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Visual Explanation of the Conjugate Gradient Algorithm (pwacker.com)
83 points by mercurymercury 11 days ago | hide | past | favorite | 12 comments





I always thought it was simpler to explain by using the only trick linear algebra has: switch to a basis where your problem is easiest, then switch back.

Sylvester's law of inertia proves existence + gram-schmidt constructs that change of basis


I was recently re-reading how to solve systems via QR and realized that the key trick was switching basis. But it took me a while to understand that, in between all the extra stuff. Now you are telling me that most of LA is like that and wow, so many things make sense now!

Do you have any additional linear algebra tricks?


Linear algebra done right is IMO the best book on it.

But a lot of it is simply exploiting linearity to reduce to a working in the most convenient subspaces. Finding and constructing them is a major task.


I'd go so far as to say if your LA class did not instill that one value it was more a matrix algebra and methods (nothing wrong w/ that....v useful) class.

The matrix is simply the model of the linear space. Coordinate free-ness lets you get away from coefficient chasing and tedium to focus on the real stuff.

Esp important in infinite dimensional vector spaces where many theorems cannot rely on a basis existing as it is equivalent to the axiom of choice.


If you haven't watched the videos frome 3blue1brown on YouTube, you definitely should.

>any additional linear algebra tricks? >> the only trick linear algebra has

Lol that trick also covers much of quantum mechanics, and relativity. (The gauge in “gauge theory” is a basis, btw)

A large amount of mathematics is trying to find the easiest way to express a problem, changing to that view, solving the simpler problem, then going back to your original formulation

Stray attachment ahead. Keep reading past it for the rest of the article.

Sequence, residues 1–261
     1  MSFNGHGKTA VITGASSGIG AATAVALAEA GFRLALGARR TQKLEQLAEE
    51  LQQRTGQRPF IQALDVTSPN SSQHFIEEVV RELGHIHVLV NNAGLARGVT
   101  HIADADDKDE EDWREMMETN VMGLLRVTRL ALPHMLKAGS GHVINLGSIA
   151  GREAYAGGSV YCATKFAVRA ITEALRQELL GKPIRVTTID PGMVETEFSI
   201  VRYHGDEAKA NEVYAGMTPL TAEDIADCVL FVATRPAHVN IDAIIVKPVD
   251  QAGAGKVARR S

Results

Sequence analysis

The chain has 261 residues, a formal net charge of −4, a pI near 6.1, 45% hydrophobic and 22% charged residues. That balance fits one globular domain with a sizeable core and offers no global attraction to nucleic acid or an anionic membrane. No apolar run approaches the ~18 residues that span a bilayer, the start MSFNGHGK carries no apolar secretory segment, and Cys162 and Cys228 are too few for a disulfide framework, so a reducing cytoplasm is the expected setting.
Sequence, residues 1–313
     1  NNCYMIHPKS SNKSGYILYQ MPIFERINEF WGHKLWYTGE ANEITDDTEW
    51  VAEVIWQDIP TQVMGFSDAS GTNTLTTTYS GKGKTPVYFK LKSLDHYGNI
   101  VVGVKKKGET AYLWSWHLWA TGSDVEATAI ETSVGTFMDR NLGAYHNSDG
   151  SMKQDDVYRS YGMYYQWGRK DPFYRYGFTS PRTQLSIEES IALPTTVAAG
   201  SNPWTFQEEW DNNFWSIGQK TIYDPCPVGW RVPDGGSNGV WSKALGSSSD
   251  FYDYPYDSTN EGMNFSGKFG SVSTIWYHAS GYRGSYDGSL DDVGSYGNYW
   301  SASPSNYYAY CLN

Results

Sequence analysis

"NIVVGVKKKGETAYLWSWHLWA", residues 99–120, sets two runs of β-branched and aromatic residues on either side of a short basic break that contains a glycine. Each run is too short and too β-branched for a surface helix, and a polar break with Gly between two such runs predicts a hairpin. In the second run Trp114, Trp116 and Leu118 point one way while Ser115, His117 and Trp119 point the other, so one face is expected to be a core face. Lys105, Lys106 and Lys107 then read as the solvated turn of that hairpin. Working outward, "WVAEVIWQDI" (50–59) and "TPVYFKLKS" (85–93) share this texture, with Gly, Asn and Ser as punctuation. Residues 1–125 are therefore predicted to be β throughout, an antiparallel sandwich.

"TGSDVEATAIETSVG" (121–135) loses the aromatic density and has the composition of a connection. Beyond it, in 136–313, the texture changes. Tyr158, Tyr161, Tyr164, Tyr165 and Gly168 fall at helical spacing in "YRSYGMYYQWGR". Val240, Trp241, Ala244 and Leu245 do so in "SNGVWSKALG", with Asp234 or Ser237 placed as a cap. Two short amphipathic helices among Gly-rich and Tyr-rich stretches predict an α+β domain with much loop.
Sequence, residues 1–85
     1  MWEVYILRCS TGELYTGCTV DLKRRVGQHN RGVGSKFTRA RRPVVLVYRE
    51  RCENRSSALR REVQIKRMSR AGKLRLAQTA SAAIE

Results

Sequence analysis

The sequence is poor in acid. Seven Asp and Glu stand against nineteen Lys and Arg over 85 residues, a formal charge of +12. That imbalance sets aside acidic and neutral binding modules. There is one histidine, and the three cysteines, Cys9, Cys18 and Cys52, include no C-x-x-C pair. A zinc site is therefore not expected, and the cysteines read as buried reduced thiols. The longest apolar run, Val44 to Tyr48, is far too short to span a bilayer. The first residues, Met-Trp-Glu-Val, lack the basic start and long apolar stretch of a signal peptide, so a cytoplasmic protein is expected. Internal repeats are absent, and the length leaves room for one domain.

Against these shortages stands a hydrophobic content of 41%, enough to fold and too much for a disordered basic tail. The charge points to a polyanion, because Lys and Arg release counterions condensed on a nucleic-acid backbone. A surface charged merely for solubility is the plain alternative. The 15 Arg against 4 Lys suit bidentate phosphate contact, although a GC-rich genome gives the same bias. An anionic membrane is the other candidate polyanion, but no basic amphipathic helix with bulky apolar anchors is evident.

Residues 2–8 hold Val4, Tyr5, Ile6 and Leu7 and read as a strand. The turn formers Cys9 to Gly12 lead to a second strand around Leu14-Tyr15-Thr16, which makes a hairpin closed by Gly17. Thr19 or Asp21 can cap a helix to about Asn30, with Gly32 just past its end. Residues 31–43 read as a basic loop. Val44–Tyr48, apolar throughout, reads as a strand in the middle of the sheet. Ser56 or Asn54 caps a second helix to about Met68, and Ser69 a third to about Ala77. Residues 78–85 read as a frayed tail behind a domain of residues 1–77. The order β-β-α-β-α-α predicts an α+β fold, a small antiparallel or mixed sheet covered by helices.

Solving indefinite integrals by substitution for example. Justified by the chain rule.


CG, most elegant of quadratic methods. Now let’s talk about why you wouldn’t use it. 1. In the form given, you need to know the terms of the quadratic. 2. If you know the terms, you can compute a stable point using QR, which is more efficient. 3. IIRC CG has better numerical stability than QR, but only under strict quadratic assumptions. 4. If you don’t have the form of the objective, but you know it’s quadratic, and you can compute a gradient, then it also works, but errors in the gradient compound. 5. If it’s not quadratic, then you have the same issue. You can try to account for this using resets or more complicated methods, but then, 6. For so many problems, the stability proof becomes too onerous or the evaluations become less efficient than simply doing more steps of gradient descent, which is why this is still the dominant method in neural networks, despite so much effort on ‘our’ part to find more efficient solvers.

Here is another resource I came across when learning about the conjugate gradient method for a class on finite elements. I wish I had found this back then!

https://www.cs.cmu.edu/~quake-papers/painless-conjugate-grad...


Thanks ! Are there other great math papers or articles with a similar "without the agonizing pain" approach, for other topics that might be interesting ?

This is actually the basis of the online article, see the acknowledgments.



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